Violent crime in large U.S. cities dropped 8 percent in 1995, leading the way for a smaller but less dramatic decline across the nation, the FBI reports.
The bureau’s annual crime survey also shows the lowest murder rate in a decade - and the lowest overall violent crime rate since 1989.
The survey, released Saturday, was compiled from crimes reported to more than 16,000 law-enforcement agencies covering 95 percent of the nation’s population.
With crime an issue in the presidential campaign, President Clinton quickly claimed credit for the decrease.
“Our anti-crime strategy - to put more police on the street while working to get drugs, gangs and guns out of our neighborhoods - is working,” he said.
Christina Martin, campaign spokesman for Republican presidential candidate Bob Dole, said, “Clinton’s words of self-congratulation are a shallow attempt to divert attention from the massive increase in teen drug use under his watch.”
Alfred Blumstein, a professor at Carnegie-Mellon University in Pittsburgh, said, “The crime decline is much more by local policing, local culture and factors in the community rather than national policy.”
He said big cities have been successful because they acted vigorously “in getting guns out of the hands of kids, using a variety of tactics.”
Blumstein added, however, that “you have to give credit to additional resources in policing, the emphasis in community policing. To that extent, the president can make a claim for having contributed to it.”
Criminologists, meanwhile, say it is very difficult to pinpoint the causes of crime.
They also said crime rates are often influenced by demographic forces beyond any government control, particularly the gradual aging of the baby boom generation.
“They are maturing out of the crime-prone age group into a more mellow middle age,” said Jack Levin, director of the Program for the Study of Violence and Social Conflict at Northeastern University in Boston. “In the second place, they seem to be supervising their children who are growing into the crime-prone age group.”
Clinton has often touted his anti-crime law designed to place 100,000 additional police officers on the streets.
Clinton also backed the Brady law, which requires a five-day waiting period for handgun purchases.
Republicans said that the crime bill has so far produced less than 20,000 actual officers, and that local governments will eventually have to pick up the tab for them.
They also support “instant checks” for gun buyers, though the technology for a nationwide system is not yet there.
Attorney General Janet Reno attributed the improvement to “many different causes, including our bipartisan efforts to give local law enforcement the tools they need to combat crime.”
Reno warned, however: “This is no time to rest on our laurels. Crime is still too high.”
During the Oct. 6 presidential debate, Dole said most of the drop in crime could be attributed to the success in New York City, where drops in crime rates have approached 30 percent in recent years. A similar argument has been made by crime policy analyst John J. DiIulio, Jr.
“Throw New York City out of the equation and the national picture is not nearly as good as this report makes out,” DiIulio said.
“You have, in historic terms, extremely high levels of crime.”
In Washington, explanations for falling crime rates tend to have political overtones. Edwin Meese, who served as attorney general under President Ronald Reagan, cited the traditionally Republican emphasis on more punishment.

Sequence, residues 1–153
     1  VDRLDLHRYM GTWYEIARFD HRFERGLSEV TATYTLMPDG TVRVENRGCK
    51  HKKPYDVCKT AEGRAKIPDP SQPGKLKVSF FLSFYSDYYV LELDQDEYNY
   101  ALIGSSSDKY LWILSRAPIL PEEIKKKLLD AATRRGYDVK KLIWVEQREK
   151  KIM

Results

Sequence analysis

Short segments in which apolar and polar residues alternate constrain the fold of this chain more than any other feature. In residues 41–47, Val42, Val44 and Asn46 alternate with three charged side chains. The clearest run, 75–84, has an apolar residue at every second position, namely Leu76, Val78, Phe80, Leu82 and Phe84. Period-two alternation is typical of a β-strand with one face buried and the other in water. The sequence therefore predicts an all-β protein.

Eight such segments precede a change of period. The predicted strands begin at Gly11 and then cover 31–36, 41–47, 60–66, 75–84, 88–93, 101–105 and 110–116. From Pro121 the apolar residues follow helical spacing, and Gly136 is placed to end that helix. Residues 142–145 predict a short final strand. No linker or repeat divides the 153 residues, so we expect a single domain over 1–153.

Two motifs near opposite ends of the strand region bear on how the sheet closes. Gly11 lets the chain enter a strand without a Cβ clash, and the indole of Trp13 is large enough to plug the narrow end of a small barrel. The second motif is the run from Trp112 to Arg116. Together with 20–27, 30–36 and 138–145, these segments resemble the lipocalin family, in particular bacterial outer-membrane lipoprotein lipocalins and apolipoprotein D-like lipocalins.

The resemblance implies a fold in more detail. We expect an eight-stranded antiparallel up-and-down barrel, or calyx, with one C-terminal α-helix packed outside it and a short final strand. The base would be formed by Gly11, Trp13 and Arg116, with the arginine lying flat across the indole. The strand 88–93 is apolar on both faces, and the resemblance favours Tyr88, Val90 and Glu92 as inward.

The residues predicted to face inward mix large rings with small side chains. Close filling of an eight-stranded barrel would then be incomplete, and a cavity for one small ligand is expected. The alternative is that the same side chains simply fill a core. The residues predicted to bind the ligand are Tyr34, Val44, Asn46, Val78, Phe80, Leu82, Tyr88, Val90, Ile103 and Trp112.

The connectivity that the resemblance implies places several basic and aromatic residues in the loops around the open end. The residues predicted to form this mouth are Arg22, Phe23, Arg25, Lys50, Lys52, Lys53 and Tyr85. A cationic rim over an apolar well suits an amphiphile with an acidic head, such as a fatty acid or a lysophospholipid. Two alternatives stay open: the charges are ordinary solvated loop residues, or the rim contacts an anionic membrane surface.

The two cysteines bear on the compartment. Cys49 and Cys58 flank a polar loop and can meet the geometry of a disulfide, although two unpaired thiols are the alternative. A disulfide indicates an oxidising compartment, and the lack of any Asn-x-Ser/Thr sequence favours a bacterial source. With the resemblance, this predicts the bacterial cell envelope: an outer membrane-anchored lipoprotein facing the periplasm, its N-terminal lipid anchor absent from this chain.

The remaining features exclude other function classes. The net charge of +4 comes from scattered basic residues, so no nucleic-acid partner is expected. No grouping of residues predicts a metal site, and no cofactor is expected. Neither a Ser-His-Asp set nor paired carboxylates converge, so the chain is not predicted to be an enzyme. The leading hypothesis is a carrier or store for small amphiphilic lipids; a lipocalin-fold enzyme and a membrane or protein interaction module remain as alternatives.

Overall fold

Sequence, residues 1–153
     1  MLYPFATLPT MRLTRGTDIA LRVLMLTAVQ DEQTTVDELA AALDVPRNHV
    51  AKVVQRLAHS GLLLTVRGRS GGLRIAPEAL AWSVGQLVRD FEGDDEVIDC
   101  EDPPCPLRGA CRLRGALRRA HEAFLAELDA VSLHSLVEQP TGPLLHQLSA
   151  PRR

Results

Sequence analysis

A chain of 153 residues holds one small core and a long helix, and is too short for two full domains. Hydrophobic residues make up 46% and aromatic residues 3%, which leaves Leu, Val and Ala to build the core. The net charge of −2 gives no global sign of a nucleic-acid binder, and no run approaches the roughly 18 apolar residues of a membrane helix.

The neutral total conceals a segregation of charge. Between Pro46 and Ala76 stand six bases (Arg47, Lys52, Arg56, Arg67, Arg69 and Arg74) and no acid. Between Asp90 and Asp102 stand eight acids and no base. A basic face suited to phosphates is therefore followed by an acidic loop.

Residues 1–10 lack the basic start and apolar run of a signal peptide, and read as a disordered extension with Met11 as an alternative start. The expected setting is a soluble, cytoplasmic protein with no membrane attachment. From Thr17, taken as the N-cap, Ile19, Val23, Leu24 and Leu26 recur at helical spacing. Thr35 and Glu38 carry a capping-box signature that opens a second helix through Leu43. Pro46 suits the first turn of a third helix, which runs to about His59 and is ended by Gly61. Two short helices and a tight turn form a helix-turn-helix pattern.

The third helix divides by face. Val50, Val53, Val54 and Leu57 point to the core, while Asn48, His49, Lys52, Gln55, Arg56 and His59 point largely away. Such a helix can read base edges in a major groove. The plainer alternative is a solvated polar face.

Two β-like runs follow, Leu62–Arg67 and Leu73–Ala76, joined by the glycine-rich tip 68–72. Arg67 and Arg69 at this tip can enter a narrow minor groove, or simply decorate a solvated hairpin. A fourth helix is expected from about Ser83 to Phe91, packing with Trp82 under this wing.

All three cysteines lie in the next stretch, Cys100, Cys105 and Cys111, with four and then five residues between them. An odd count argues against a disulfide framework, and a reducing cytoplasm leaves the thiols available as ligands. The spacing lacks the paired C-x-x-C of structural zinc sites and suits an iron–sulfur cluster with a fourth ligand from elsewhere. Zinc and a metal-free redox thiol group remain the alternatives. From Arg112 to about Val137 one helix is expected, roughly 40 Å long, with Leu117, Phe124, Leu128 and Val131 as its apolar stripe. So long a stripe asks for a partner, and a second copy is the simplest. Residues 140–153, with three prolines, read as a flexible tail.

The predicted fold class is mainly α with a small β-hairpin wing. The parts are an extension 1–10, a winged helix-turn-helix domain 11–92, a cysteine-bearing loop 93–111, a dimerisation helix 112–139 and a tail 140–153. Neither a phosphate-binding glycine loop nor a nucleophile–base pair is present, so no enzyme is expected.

“More people have been put in prison,” Meese said.
“Habitual criminals have been put in prison for longer periods of time. Those kinds of sentences are starting to have an effect.”
Levin, the Northeastern University criminologist, cited a more philosophical reason for the recent success in fighting crime: “Zero tolerance.”
“As a society we are sick and tired and fed up with being victims of crime,” Levin said. “I’ve thought for a long time now we’re in the midst of a cultural revolution in this country, but we just haven’t realized it.”
The findings for 1995 showed an 8 percent drop in violent crimes for a second consecutive year in the 1-million-plus cities: Phoenix, Los Angeles, San Diego, Chicago, New York, Philadelphia, Dallas and Houston.
Violent crimes include murder, forcible rape, robbery and aggravated assault.
Nationally, the number of violent crimes dropped 3 percent as the rate of violent crimes per 100,000 population declined 4 percent.
The number of crimes covered in the FBI’s reporting system was 13.9 million in 1995, representing 5,278 offenses for every 100,000 inhabitants.
The number of reported crimes of all types was down 1 percent from a year earlier, while the crime rate declined 2 percent per 100,000, the study said.
Other key figures from the report:
There were 21,597 murders reported in 1995, 7 percent lower than 1994 and 13 percent below 1991. The murder rate was 8 per 100,000 population. By race, 49 percent of the victims were black, 48 percent white.
Also, the number of people murdered by strangers continued to grow. More than half, or 55 percent of murder victims, were killed by strangers or persons unknown, compared with less than half in 1990.
Among female murder victims, 26 percent were slain by husbands or boyfriends. Wives or girlfriends killed 3 percent of male victims.
The 97,464 forcible rapes reported to law enforcement, the fewest since 1989, represented a 5 percent drop.
The recent decline is “good news, but it’s far too early to celebrate,” said James A. Fox, dean of the college of criminal justice at Northeastern University.
“We are not winning the war against crime,” Fox said.
“One of the reasons the crime rate is so far down is because it went so high” in the late 1980s and early 1990s when the nation struggled to cope with the explosion of crack cocaine and its accompanying violence.
“The peak is now coming down to a more normal level.”